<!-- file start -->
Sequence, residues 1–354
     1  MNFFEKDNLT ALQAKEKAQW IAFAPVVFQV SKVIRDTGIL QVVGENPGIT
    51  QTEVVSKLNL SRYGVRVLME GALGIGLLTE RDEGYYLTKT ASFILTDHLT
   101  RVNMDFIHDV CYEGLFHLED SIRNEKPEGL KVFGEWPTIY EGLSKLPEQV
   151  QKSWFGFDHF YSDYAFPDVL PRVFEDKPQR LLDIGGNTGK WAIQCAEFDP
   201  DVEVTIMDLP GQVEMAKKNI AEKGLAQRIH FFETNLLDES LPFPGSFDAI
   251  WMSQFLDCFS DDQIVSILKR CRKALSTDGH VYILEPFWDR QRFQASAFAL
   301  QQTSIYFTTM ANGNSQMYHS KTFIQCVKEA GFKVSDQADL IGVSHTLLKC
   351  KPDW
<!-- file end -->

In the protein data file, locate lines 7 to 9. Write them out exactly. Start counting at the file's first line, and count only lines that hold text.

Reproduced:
   251  WMSQFLDCFS DDQIVSILKR CRKALSTDGH VYILEPFWDR QRFQASAFAL
   301  QQTSIYFTTM ANGNSQMYHS KTFIQCVKEA GFKVSDQADL IGVSHTLLKC
   351  KPDW